Some form of car insurance or proof of financial responsibility is required in all 50 states. Motor vehicle collisions can cost thousands of dollars in property damage and medical care. Insurance guarantees that a motor vehicle driver has the means to pay for an accident that he or she causes. Unfortunately, many drivers in Arizona illegally drive while uninsured or underinsured. If you get into a car accident with one of these negligent drivers, find out what to do to protect yourself.
What Is Uninsured/Underinsured Motorist Coverage?
Uninsured and underinsured motorist coverage, also referred to as UM and UIM insurance, covers a car accident involving a driver who is driving without the required amount of motor vehicle insurance in Arizona. It allows a driver to obtain financial benefits from his or her own car insurance company after a crash caused by an uninsured driver. It also pays for a hit-and-run accident by treating it as though the at-fault driver had stayed at the scene but did not have insurance.
Uninsured motorist (UM) insurance protects a policyholder in the event of a car accident involving a driver with no insurance at all. In this scenario, UM insurance will pay for 100 percent of the accident, up to the limits on the policy. Uninsured motorist (UIM) insurance pays for an accident with a driver who has some insurance, but not enough to cover the victim’s injuries and property damage. In this case, the underinsured driver’s insurance will provide primary coverage and UIM provides supplemental coverage.
Does Arizona Require Uninsured/Underinsured Motorist Coverage?
No, Arizona does not require its drivers to maintain uninsured or underinsured motorist insurance. However, most auto insurance policies automatically come with this coverage. It is up to a driver to accept it or reject it in writing. The only required types of car insurance in Arizona are $15,000 in property damage liability, $25,000 in bodily injury liability per person and $50,000 in bodily injury liability per accident.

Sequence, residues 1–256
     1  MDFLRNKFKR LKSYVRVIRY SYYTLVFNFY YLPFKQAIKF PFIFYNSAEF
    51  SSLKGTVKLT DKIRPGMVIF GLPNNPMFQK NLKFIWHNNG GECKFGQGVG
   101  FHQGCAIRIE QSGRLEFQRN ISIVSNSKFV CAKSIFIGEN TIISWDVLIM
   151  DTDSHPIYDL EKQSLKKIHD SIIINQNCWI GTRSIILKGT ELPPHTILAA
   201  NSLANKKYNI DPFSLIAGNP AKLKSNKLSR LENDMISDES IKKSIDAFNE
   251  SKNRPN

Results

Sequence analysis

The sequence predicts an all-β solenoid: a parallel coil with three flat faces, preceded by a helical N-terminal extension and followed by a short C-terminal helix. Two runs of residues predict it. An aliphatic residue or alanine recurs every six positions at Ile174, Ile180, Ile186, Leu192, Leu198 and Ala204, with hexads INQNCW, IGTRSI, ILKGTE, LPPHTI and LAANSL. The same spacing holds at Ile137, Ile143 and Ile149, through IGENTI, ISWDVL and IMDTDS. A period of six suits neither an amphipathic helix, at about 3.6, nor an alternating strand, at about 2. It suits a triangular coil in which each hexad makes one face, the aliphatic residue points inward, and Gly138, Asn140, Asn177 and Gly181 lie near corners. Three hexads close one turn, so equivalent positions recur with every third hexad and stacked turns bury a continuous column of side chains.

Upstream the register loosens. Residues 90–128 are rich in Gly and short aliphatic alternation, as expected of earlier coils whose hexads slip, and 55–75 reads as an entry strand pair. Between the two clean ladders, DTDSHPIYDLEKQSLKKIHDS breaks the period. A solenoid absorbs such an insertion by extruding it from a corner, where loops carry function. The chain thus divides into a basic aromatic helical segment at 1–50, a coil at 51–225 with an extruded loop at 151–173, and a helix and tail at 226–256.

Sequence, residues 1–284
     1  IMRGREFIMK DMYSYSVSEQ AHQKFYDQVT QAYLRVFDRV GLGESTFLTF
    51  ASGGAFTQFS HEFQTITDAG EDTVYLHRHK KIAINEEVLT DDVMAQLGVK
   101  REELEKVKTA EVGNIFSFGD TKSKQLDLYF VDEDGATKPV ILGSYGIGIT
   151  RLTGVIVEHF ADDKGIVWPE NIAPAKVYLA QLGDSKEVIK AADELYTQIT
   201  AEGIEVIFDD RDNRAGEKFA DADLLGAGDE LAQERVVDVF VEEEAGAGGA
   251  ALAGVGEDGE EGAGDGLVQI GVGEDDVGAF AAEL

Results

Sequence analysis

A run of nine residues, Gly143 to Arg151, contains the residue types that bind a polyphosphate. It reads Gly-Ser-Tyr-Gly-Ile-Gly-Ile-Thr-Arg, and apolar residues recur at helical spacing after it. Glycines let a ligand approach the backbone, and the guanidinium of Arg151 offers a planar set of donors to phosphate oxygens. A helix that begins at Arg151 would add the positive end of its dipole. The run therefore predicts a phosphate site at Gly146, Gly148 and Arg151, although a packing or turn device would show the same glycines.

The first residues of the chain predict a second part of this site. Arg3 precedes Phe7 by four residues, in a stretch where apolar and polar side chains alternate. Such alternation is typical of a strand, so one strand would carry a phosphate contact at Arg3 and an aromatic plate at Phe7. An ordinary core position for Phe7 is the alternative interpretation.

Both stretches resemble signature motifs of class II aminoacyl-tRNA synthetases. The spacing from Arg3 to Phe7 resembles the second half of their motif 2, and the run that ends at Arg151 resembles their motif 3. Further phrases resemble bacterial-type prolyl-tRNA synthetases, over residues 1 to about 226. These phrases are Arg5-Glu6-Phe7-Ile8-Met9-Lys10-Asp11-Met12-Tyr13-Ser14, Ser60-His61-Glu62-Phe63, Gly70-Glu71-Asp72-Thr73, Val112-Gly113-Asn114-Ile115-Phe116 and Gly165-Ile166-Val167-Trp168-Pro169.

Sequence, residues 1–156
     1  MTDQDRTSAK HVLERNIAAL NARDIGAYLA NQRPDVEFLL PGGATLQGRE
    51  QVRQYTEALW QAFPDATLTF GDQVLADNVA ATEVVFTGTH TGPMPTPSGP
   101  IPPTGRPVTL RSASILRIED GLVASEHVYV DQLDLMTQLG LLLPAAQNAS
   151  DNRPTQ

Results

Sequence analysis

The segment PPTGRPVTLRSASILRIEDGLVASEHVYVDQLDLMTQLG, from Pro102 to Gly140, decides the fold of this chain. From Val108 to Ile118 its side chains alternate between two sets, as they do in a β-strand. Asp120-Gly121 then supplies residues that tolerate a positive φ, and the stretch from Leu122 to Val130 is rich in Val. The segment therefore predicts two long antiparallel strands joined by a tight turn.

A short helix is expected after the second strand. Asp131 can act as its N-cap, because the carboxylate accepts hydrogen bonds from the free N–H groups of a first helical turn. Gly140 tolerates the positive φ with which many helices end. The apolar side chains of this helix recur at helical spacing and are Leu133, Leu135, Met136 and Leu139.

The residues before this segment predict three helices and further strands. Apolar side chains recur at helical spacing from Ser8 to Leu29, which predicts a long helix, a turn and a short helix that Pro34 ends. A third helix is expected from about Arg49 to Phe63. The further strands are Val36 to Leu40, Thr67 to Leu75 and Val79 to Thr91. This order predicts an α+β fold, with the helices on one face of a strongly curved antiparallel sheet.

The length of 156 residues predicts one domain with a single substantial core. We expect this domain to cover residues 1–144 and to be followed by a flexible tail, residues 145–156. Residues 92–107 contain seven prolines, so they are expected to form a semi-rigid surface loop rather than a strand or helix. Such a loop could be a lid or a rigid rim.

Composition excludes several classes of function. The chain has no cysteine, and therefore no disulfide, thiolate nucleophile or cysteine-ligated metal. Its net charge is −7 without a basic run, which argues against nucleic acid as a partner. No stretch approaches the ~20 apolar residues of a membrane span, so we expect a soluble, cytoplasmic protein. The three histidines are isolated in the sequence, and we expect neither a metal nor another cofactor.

Drivers may assume they don’t need uninsured/underinsured motorist coverage since car insurance is a legal requirement in Arizona. However, the latest available statistics from the Insurance Information Institute show that 12.6 percent of motorists – about one in eight drivers – were uninsured in 2019. Based on the number of licensed drivers in Arizona, this equates to about 710,186 uninsured motorists. The best way to protect yourself from these drivers is by purchasing UM/UIM insurance, even if it is not a state requirement.
Who Pays for an Uninsured/Underinsured Motorist Accident?
If you get hit by an uninsured or underinsured motorist in Arizona, it is important to know what steps to take to recover from the crash. You may be facing a complicated insurance claims process. Here’s what to do:
- Report the crash to law enforcement. Arizona law requires drivers to report all car accidents to the police, regardless of severity. If the other driver doesn’t have insurance, the police may issue a citation and suspend the driver’s license.
- Exchange information with the uninsured/underinsured driver. Write down the other driver’s name, address and insurance information, if he or she has insurance.
- Get medical care without delay. Go to a hospital immediately for medical care for any injuries that you may have suffered. Keep copies of your medical records.
- Know your own auto insurance policy. Contact your own car insurance company to learn about your policy. Find out if you have uninsured or underinsured motorist insurance.
- File a claim with help from an Arizona car accident attorney. An insurance company – even your own – may try to take advantage of you during the claims process. Get help protecting your rights by contacting a car accident lawyer in Arizona.
Dealing with a car accident case that involves an uninsured or underinsured motorist is difficult. An Arizona car accident lawyer can give you information about your rights and guide you down the road to recovery.